Hippies Meet Yuppies as a New Generation Is Fit to Be Tie-Dyed

updated 08/24/1987 AT 01:00 AM EDT

originally published 08/24/1987 AT 01:00 AM EDT

The psychedelic splendor of the '60s seemed to be back—and front—when a crowd of about 55,000 gathered at California's Oakland Coliseum last month for a concert by the Grateful Dead and Bob Dylan. There, engulfing the performers and other aging flower children like a collective flashback, was a kaleidoscopic sea of youths in gaudy tie-dyes. Calling themselves Dyes, a new generation of streak freaks is on the loose in the land, and just like their hippie forebears, they speak dreamily of a new sartorial solidarity. "It's almost like bikers wearing their colors," claims Jared Brown, 24, who sells tie-dyed T-shirts at Dead concerts. "If I see a Dye, I can just go up and talk to him, no problem."

Dye-hard Deadheads, however, aren't the only ones caught up in the revival. Teenagers across the country are twisting their clothes in rubber bands and coloring them to produce tie-dyes. "People our age are fighting conservatives and yuppies," explains Cheri Weitman, 23, a Rhode Island School of Design grad. "We're trying to bring back the '60s as a time of free expression, as in doing your own shirts."

Yuppies, however, will not be denied their participation in the fad. Boutiques like Chicago's Sugar Magnolia specialize in tie-dyed outfits of silk and rayon. L.A. designer Joanie Zappola, 38, who camped out at Woodstock in her younger days, sells tie-dyed evening gowns, at a minimum price of $1,500, to the likes of Falcon Crest's Ana Alicia. "In the '60s we were trying to bring back the love," says Zappola. "Now it seems to be happening again. You know—peace, love and tie-dye." Baby-boomer business types who have gone from tie-dyed rags to riches have even begun shelling out $18 to outfit their offspring in tie-dyed diaper sets.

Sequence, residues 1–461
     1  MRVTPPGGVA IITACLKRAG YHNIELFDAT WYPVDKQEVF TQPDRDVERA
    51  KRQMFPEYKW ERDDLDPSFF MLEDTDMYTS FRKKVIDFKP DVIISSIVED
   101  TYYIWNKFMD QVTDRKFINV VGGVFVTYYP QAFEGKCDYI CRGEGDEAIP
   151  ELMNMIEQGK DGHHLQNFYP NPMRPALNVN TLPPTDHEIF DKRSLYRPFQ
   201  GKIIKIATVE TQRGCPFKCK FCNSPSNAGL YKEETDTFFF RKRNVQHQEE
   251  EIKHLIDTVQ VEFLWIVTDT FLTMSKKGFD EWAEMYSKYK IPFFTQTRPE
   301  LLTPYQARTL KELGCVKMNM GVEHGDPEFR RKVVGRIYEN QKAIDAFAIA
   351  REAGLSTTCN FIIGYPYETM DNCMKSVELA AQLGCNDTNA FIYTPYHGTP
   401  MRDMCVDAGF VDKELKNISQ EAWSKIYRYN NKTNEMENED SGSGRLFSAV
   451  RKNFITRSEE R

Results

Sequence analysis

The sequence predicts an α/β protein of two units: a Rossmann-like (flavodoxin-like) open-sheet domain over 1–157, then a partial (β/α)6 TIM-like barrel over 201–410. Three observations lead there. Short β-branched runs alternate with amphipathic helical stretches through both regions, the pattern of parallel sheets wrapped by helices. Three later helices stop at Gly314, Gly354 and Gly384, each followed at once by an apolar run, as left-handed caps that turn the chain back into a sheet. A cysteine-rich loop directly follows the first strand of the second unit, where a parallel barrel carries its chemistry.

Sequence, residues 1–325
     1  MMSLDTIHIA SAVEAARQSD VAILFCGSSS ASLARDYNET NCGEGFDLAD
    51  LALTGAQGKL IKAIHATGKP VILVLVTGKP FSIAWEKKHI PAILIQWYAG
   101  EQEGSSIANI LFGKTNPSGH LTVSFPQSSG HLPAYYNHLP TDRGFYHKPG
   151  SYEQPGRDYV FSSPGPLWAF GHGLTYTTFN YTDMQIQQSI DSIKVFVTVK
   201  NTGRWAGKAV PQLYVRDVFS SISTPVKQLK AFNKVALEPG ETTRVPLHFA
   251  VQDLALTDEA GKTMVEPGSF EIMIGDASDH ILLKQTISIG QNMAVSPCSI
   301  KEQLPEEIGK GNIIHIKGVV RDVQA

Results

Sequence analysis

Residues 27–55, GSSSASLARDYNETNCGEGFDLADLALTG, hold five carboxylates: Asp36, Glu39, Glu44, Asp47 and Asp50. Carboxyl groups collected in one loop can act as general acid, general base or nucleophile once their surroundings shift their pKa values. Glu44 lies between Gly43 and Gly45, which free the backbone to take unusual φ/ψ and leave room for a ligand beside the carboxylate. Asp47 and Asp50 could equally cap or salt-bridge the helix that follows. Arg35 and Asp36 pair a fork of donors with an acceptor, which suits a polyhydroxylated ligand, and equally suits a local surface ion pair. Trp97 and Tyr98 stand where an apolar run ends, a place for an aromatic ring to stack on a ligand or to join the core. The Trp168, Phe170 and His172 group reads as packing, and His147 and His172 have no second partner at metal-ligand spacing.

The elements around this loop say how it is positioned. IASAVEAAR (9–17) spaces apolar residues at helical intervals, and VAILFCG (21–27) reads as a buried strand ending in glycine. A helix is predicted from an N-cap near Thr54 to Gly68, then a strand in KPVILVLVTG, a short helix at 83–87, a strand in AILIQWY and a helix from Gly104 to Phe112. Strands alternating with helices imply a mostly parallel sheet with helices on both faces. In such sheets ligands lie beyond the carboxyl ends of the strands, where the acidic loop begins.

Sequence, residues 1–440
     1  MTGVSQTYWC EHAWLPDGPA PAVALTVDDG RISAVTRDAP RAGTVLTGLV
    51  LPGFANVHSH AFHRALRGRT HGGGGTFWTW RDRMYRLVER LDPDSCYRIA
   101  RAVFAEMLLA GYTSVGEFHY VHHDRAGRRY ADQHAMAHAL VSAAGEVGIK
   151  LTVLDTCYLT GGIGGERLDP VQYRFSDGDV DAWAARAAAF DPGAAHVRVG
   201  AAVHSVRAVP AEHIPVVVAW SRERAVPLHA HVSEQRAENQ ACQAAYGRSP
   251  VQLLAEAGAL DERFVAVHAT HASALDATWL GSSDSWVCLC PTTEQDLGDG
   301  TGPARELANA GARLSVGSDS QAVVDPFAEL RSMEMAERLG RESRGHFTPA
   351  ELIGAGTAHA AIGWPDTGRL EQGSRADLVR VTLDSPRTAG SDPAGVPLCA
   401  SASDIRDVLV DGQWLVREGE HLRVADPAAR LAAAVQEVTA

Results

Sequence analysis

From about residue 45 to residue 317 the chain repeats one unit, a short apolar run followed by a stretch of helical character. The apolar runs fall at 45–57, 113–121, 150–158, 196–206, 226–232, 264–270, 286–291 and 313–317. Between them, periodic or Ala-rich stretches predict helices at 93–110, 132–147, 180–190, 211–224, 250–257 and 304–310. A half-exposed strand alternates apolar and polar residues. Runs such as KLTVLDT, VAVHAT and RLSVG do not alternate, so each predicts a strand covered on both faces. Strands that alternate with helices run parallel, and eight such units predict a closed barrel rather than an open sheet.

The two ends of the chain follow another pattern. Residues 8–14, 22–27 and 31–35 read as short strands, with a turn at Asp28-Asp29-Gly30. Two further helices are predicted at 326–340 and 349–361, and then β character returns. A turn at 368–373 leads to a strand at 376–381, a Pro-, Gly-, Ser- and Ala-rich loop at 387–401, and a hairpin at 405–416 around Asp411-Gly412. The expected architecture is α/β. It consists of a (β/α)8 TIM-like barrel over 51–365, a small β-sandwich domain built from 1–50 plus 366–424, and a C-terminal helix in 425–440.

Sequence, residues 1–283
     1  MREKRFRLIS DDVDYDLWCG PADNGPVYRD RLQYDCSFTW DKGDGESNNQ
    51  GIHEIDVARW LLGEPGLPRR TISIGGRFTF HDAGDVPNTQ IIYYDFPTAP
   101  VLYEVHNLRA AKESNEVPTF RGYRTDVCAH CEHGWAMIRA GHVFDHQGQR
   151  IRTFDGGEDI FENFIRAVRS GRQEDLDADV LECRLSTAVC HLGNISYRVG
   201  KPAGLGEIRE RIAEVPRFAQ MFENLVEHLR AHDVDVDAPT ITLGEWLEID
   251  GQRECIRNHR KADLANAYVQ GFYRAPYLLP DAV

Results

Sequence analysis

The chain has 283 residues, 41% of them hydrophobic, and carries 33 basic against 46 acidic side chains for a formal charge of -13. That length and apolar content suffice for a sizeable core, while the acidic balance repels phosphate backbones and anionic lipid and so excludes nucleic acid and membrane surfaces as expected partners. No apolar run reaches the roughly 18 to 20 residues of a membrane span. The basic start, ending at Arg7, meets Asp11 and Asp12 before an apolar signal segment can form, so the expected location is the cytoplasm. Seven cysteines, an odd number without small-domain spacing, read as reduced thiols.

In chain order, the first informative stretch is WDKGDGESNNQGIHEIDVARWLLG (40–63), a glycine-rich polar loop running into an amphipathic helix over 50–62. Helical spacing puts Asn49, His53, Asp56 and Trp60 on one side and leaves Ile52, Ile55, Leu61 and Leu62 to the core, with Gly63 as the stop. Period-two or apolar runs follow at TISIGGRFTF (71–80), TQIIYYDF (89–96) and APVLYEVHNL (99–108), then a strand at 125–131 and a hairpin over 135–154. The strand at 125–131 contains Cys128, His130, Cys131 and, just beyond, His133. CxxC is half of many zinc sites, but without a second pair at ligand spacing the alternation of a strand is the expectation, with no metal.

Whatever the cost of the garment, the appeal of tie-dyeing is still its unpredictability. "It's like each time you make a tie-dye," says Deadhead Collin Manning, 22, "fate creates a different work of art." And, for some, a new profit margin too.

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